A system of pay as you go "local" or commuting journeys combined with compulsory reservation intercity sounds great in theory but falls down in practice when you don't have a separation between short and long distance services or operator. Why should a less than one hour commute into London or Manchester for example on a season or PAYG be turn up and go but the same time and distance for a commute on the same ticket type now require reservations elsewhere in the country due to the lack of capacity of the operator concerned?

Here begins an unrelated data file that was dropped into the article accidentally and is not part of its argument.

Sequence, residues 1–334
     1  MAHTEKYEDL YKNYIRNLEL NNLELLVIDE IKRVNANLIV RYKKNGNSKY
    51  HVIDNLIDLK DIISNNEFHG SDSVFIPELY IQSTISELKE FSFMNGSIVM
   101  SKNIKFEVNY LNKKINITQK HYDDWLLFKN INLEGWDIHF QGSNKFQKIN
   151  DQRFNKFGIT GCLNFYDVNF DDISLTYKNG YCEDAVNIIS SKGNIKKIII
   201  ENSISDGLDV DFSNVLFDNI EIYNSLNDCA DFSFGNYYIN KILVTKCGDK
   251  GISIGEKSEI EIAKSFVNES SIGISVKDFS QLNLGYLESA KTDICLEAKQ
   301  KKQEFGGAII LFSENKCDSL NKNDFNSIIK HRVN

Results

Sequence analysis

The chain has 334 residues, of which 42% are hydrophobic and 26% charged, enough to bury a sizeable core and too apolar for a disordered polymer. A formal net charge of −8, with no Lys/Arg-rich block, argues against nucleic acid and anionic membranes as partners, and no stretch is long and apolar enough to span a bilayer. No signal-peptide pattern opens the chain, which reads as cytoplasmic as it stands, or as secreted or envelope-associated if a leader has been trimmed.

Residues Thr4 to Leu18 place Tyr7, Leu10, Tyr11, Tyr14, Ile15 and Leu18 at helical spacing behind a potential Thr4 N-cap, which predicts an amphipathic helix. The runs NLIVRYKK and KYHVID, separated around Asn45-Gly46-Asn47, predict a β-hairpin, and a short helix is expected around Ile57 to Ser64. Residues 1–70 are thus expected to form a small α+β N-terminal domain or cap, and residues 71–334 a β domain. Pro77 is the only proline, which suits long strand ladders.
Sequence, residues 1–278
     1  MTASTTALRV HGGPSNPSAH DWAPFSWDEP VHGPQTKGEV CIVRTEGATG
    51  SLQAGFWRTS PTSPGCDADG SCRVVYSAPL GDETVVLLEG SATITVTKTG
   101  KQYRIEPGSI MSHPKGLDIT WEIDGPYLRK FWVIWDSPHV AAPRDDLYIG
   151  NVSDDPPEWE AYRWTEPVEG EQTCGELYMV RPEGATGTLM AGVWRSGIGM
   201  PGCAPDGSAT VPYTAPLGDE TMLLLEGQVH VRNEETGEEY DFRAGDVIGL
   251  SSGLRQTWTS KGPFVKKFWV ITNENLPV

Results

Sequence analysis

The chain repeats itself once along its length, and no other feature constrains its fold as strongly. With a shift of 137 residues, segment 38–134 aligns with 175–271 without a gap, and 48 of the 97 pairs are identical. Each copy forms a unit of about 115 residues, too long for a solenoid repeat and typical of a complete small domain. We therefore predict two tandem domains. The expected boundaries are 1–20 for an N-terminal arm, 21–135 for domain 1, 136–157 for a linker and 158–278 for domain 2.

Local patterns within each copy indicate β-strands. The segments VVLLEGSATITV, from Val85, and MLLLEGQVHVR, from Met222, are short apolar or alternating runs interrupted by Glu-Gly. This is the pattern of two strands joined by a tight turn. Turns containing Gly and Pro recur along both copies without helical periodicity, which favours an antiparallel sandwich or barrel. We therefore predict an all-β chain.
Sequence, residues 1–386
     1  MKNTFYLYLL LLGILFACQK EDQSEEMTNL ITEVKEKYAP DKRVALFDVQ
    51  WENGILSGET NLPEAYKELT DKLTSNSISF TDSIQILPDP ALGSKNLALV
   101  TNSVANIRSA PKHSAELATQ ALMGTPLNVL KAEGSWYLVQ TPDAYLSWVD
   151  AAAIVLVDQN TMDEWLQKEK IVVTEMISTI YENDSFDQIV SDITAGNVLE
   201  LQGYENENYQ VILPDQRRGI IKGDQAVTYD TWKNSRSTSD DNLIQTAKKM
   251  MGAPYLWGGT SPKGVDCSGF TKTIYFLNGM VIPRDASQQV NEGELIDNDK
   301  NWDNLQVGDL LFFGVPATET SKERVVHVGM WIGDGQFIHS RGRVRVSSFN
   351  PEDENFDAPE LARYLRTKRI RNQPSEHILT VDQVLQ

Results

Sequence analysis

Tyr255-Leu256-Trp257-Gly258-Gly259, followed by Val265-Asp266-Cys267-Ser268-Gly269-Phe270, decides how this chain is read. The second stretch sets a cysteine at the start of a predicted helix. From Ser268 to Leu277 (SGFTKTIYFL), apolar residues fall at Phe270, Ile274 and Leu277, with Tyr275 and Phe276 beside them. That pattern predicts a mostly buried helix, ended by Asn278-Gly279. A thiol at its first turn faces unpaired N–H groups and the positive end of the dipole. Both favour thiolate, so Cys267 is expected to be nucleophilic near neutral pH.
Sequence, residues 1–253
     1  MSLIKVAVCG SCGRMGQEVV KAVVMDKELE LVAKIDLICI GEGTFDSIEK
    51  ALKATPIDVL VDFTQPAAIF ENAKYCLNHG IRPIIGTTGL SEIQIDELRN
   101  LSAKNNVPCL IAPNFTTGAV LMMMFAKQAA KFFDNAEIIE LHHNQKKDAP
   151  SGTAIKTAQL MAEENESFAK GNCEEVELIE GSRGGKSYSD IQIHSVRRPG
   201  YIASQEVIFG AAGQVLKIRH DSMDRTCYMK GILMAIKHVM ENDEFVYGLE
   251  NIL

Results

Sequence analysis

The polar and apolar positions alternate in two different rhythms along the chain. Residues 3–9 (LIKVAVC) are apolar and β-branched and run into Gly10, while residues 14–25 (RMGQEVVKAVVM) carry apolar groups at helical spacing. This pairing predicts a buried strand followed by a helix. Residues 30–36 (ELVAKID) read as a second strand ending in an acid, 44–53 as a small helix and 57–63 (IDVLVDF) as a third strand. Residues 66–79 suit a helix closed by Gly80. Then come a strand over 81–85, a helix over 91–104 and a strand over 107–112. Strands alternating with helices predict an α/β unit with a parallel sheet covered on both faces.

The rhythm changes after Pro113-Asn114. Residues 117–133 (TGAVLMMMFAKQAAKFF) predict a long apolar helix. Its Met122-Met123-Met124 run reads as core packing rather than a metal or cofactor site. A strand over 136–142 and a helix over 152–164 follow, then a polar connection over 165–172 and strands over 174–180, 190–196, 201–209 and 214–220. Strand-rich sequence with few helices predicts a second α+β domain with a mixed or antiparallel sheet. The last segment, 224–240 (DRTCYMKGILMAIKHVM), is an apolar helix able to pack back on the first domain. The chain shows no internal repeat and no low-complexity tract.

You'd also have the "Reading issue" - canny Reading commuters would reserve all the seats and nobody would be able to book a journey from Penzance. The only solution I could see for that would be season ticket holders only being able to pick up a seat on arrival at the station, but that would be awkward too. In essence as you say it only really works if your IC services don't carry a significant number of local passengers.
Clearly that will work for HS2 as it's effectively laid on top of the (slowed down) existing service, but it would certainly be an issue for XC and GWR, unless paths could be found for say a 4tph 12-car Reading-Slough-Paddington service to take all the commuters and ban them entirely from the 80x.